Jonathan Tanaka CC'23, of Nicholasville, Kentucky, has been awarded the prestigious Beinecke Scholarship. As a Columbia College major in Philosophy, with a special concentration in Mathematics, Jonathan was recognized by the Beinecke for his commitment to his field and his exceptional promise in making original intellectual contributions to the field through his future scholarship. Within philosophy, Jonathan has a particular interest in formal philosophy, formal logic, and metamathematics and plans to eventually enter a Ph.D. program in the United States where he may be able to further immerse himself within the study of these topics.
The Beinecke Scholarship Program was established in 1971 by The Sperry and Hutchinson Company, with a mission to provide scholarships for the graduate education of undergraduate students who display exceptional promise within their field. The program seeks to encourage and enable highly motivated students to pursue opportunities available to them and to be courageous in the selection of a graduate course of study in the arts, humanities and social sciences. Each scholar receives $4,000 immediately prior to entering graduate school and an additional $30,000 while attending graduate school. There are no geographic restrictions on the use of the scholarship, and recipients are allowed to supplement the award with other scholarships, assistantships and research grants.
URF invited Jonathan to share his thoughts and insights about his recent Beinecke application experience as well as to reflect upon his time at Columbia thus far. Read what he shared below.
What do you plan to do following this fellowship experience?
The generous Beinecke Scholarship will provide essential funds for creative and unique research projects during my time pursuing a Ph.D. in philosophy at a top program in the United States. I plan to continue to conduct research in formal philosophy and its intersections with philosophical logic, which may lead to unique interdisciplinary projects. One of my long-term projects has been the development of formal systems relating to teleological logic – an area has yet to be developed and one which could massive upshots for AI applications. I have independent interests in formal metaphysics, topics surrounding a priori domains, and the philosophy of mathematics. All of these sub-domains will serve as topics of research interest.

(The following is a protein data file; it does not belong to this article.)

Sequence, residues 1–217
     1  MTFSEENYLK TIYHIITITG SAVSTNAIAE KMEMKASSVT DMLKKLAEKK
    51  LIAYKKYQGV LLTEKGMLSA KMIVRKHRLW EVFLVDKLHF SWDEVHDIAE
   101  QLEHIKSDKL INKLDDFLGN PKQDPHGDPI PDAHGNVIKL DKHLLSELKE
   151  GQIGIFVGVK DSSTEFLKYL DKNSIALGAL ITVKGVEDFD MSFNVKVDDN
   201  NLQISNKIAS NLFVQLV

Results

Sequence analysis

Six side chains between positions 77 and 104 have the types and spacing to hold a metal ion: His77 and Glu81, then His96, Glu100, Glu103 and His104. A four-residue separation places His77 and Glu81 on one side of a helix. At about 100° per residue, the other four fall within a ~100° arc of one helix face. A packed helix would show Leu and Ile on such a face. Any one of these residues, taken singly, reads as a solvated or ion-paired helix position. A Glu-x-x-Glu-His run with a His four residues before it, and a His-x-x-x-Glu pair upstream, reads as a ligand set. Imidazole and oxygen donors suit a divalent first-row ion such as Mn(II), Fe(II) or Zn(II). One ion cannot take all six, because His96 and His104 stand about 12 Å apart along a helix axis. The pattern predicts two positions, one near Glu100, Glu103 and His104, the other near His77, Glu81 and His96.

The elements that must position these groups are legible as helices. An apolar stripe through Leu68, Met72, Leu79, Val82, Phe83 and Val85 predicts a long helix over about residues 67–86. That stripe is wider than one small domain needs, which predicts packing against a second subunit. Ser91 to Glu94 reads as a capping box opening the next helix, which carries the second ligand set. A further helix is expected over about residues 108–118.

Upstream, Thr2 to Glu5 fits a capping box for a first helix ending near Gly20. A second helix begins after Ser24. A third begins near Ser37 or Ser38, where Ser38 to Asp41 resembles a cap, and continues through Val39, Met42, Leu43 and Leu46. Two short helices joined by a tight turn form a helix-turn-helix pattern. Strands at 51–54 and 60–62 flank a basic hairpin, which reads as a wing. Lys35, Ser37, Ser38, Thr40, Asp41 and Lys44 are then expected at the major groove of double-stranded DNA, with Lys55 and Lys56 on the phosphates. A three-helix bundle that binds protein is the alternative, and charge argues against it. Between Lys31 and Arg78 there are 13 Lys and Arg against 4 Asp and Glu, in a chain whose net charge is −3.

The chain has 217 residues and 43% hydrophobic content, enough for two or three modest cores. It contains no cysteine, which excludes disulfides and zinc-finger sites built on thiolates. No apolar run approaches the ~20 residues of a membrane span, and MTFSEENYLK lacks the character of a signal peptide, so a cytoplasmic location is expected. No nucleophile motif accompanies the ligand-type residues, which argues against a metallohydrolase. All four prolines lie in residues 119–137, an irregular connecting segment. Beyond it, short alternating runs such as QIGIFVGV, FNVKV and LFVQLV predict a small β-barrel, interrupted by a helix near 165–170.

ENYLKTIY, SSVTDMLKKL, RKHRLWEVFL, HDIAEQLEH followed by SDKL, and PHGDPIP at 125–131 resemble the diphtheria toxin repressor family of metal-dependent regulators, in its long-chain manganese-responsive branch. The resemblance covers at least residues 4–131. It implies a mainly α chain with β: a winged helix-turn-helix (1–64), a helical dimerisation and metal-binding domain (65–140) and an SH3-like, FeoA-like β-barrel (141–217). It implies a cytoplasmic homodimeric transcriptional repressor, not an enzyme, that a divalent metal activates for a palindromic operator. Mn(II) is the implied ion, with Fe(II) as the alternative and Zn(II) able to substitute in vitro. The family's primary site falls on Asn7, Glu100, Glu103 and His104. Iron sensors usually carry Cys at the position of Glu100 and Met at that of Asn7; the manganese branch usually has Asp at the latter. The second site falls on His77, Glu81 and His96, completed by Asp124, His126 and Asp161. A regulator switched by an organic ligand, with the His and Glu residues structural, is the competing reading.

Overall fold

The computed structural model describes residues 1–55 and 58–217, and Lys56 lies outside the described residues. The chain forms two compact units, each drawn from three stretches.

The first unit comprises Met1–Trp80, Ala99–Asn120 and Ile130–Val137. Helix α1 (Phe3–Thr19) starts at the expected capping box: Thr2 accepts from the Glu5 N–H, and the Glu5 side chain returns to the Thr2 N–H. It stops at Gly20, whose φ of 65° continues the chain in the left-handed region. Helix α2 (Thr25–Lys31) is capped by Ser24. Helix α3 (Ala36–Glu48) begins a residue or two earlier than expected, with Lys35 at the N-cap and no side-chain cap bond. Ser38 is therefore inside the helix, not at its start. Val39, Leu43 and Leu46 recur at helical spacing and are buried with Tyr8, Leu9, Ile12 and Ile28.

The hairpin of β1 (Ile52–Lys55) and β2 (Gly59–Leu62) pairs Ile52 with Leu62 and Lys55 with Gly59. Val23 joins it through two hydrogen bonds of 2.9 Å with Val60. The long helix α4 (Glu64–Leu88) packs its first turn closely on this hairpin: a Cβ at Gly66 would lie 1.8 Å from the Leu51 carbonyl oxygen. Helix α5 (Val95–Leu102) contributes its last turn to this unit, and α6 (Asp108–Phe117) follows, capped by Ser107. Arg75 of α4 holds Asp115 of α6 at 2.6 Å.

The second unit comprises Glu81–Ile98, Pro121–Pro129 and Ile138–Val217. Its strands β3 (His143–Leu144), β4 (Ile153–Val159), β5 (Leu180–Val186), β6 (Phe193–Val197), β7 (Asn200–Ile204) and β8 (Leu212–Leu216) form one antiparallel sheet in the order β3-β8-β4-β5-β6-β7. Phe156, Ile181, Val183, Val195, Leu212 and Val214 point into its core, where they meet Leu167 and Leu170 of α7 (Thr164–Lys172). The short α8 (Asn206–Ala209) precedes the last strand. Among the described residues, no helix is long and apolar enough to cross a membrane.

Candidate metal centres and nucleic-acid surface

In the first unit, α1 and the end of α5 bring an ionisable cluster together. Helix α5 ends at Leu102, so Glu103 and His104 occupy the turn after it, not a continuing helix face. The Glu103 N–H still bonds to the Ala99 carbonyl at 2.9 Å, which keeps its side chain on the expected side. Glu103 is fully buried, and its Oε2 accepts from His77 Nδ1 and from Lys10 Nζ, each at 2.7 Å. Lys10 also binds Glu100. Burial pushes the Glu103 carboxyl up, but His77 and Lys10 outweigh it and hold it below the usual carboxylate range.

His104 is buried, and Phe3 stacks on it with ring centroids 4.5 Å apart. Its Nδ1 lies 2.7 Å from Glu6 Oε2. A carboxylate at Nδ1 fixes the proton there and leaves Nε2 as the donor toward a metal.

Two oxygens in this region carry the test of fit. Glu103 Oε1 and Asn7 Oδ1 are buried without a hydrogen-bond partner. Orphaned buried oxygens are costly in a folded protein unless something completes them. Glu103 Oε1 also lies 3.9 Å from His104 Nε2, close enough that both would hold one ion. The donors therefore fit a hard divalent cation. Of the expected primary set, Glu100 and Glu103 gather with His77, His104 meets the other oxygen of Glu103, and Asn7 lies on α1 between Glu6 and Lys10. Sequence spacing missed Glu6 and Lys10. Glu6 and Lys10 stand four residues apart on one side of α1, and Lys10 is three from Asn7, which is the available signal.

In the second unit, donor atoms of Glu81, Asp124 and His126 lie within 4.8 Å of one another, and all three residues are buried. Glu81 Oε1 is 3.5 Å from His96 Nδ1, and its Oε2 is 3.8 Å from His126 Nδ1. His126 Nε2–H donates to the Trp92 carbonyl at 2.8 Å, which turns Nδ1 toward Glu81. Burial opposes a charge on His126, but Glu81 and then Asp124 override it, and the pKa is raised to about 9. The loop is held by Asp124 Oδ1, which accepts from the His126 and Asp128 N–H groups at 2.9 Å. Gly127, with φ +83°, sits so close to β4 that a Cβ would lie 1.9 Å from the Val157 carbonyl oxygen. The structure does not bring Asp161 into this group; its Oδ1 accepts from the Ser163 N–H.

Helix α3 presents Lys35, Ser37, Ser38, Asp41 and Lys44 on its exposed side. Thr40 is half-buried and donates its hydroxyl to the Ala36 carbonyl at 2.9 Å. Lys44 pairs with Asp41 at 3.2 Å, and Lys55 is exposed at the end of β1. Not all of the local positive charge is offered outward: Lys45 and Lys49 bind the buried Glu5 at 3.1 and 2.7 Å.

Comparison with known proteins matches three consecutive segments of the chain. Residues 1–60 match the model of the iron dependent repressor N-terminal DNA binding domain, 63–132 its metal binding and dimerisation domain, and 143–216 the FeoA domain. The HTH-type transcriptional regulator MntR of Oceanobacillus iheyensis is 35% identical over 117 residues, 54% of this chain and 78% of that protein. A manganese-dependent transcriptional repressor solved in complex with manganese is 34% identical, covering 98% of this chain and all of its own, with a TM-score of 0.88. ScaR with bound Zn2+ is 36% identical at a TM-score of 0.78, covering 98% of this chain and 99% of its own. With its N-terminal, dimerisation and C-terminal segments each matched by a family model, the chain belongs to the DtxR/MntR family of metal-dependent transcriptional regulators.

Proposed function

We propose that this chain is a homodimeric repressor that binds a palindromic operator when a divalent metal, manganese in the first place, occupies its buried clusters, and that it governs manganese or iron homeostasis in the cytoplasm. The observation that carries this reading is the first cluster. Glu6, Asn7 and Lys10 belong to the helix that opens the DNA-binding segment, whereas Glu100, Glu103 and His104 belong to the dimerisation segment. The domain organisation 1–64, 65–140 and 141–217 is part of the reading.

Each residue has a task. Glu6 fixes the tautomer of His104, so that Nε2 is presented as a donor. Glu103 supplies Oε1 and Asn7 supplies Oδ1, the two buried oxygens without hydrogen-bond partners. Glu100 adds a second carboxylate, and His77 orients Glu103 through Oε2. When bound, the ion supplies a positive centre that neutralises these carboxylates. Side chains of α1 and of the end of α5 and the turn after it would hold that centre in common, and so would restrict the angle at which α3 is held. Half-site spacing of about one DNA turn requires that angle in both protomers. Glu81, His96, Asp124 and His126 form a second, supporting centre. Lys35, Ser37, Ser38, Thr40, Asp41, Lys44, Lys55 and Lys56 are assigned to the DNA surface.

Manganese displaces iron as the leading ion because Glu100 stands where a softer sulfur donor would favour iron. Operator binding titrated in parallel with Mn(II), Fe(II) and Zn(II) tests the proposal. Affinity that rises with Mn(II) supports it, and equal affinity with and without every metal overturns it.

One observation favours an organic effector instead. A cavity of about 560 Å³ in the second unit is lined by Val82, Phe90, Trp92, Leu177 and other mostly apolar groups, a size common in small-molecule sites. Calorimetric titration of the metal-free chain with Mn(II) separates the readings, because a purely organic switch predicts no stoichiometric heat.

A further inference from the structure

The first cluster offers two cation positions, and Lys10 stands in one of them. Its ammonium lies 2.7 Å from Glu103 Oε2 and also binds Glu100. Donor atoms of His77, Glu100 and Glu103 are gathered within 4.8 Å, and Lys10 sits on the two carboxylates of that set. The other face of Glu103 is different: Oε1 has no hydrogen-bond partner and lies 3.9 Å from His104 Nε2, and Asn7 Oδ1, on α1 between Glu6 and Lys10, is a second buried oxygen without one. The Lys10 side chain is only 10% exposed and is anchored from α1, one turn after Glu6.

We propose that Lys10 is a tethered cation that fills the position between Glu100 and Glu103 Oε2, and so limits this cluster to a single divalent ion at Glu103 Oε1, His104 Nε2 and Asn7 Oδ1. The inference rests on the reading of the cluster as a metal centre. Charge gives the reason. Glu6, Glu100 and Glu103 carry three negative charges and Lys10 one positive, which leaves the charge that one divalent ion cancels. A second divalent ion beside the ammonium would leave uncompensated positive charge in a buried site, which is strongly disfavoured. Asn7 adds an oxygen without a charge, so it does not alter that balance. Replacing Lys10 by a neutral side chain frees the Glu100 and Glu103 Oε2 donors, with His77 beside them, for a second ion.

What do you hope to do in the longer-term professionally?
I intend to pursue a professorial position at a top university in philosophy, teach undergraduate and graduate students, and contribute to the academic philosophical literature on a number of topics surrounding my research interests. I like the idea of a university well-known for academic excellence outside philosophy as well, since my intellectual interests can hardly be restricted to pure philosophical inquiry. I have always maintained a strong commitment to teaching and the accessibility of the field, which is why I intend to continue to develop programs like Logic Made Accessible Inc throughout my career.
What was your favorite class taken at Columbia? Why? How did it prepare you for or how is it relevant to this fellowship?
I cannot overstate my support of the Columbia Core Curriculum and the ways that it has cultivated my intellectual interests across diverse and exciting domains in important and long-lasting respects. Philosophy occupies the peculiar standpoint of possessing the ability to treat each and every domain as an object of inquiry in itself, but proper philosophical inquiry across domains requires familiarity and interest in drastically different fields. This is precisely what the Core provides, if one takes the time to make the most of it. Augmented by its independent excellence in each of the subjects to which the Core extends, I can’t think of a university that parallels Columbia in this respect.